Cybercriminals have been using innocent-looking image files to store and exfiltrate payment card data stolen from compromised ecommerce websites running on the Magento platform.
It’s not uncommon for malicious actors to plant card swiper malware on ecommerce websites. A campaign observed recently by Sucuri and RiskIQ targeted over 100 online shops powered by Magento, Powerfront CMS and OpenCart.
One interesting attack spotted recently by Sucuri involves a card-swiping malware designed to target Magento shops. Such malware typically exfiltrates stolen card data via email or by adding it to a file that is later retrieved by the attackers.
In the attacks observed by Sucuri, cybercriminals have used a malicious PHP file that dumps stolen data into an image file. The use of fake images is not uncommon, but these files usually don’t contain a real image.
In this case, however, the image that stores the card data is real and it’s related to products actually sold on the targeted website. The image can be viewed by the website’s administrator, making it less likely to raise any suspicion.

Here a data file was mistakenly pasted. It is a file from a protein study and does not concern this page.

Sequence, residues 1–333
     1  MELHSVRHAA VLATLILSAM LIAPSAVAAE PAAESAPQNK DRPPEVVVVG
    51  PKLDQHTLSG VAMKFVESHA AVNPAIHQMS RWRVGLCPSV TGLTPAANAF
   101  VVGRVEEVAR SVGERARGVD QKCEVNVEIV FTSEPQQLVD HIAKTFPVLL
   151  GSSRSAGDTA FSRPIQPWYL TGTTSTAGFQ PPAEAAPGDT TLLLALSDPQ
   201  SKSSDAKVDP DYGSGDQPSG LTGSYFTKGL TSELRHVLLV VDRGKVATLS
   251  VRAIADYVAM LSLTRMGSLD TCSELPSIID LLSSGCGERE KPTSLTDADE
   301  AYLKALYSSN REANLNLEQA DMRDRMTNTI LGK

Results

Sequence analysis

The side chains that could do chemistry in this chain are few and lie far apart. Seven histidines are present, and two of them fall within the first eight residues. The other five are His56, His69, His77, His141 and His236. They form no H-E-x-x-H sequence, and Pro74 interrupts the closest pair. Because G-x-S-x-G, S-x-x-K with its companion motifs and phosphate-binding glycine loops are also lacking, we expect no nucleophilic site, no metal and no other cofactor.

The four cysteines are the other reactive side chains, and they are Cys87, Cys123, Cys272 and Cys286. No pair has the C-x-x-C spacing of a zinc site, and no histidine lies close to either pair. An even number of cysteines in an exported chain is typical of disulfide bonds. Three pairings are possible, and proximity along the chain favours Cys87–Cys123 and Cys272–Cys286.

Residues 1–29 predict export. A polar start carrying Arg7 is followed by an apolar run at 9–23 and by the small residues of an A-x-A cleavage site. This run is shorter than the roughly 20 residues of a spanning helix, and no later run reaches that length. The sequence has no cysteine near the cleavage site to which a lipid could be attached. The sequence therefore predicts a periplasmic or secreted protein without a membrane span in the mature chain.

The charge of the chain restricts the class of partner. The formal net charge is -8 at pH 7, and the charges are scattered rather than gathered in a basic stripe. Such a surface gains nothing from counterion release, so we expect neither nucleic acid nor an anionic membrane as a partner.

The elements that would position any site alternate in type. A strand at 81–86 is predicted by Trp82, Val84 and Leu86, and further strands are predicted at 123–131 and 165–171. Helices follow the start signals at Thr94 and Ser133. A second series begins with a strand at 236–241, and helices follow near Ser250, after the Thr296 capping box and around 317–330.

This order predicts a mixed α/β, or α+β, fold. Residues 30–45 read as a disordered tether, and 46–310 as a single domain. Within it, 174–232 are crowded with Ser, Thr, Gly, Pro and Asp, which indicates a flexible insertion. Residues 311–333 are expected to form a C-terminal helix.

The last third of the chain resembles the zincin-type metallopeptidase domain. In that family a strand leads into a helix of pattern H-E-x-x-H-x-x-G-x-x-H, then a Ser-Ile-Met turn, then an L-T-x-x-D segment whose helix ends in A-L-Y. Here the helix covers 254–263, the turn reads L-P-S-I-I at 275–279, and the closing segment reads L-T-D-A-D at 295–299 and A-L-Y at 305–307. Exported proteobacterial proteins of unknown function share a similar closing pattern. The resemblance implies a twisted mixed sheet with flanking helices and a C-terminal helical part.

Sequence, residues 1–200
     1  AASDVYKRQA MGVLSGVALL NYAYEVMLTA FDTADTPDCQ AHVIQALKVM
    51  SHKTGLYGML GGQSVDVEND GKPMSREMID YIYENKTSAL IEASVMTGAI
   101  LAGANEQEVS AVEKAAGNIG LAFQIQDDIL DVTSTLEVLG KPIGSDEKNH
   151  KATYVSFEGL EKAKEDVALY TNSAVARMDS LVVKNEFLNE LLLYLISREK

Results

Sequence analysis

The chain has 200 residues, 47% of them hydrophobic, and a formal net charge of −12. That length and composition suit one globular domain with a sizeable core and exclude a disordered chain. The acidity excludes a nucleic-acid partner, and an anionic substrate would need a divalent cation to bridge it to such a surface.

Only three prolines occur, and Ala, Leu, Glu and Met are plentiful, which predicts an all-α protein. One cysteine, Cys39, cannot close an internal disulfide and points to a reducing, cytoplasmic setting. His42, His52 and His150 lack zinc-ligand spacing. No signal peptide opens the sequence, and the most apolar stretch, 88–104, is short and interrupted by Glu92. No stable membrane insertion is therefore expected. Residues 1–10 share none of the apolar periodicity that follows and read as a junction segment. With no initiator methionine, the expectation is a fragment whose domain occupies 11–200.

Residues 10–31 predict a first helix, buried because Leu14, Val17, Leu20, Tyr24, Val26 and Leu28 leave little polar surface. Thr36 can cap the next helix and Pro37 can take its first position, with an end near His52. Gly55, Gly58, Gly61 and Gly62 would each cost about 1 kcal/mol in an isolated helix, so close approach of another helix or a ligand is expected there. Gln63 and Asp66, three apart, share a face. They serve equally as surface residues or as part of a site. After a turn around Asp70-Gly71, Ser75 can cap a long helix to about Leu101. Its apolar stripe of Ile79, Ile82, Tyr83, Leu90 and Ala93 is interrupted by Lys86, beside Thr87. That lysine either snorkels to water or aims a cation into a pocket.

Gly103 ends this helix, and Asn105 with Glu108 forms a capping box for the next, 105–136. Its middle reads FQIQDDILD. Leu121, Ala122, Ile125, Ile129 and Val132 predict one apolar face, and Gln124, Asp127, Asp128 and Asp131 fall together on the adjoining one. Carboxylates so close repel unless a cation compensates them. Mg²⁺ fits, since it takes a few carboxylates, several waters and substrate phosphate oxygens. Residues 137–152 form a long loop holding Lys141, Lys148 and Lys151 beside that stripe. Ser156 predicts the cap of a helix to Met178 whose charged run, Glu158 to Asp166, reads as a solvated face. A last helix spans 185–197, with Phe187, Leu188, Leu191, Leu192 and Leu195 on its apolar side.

The stolen data is stored at the end of the file, after the legitimate image code, in clear text. Since the image is publicly accessible, the hackers don’t even need to maintain access to the website after they plant the malware.
“All the attacker would need to do is download the image from the website just like any other and view its source code,” Sucuri researcher Ben Martin said in a blog post.
According to Sucuri, most of the stolen cards came from the United States, but victims also include users from Japan, Turkey, Saudi Arabia and Canada.
Sucuri has advised online shop owners to protect their websites by keeping all their software updated. The company has pointed out that the malicious files used in these types of attacks can often be identified based on their “last modified” date, which is typically more recent if the infection is detected quickly.
Dutch researcher Willem De Groot reported earlier this month that he had identified more than 5,900 breached online stores set up to skim payment card data. While hundreds of the affected websites were cleaned up after their owners were notified, De Groot said many merchants refused to believe that their websites were compromised or they simply did not care.
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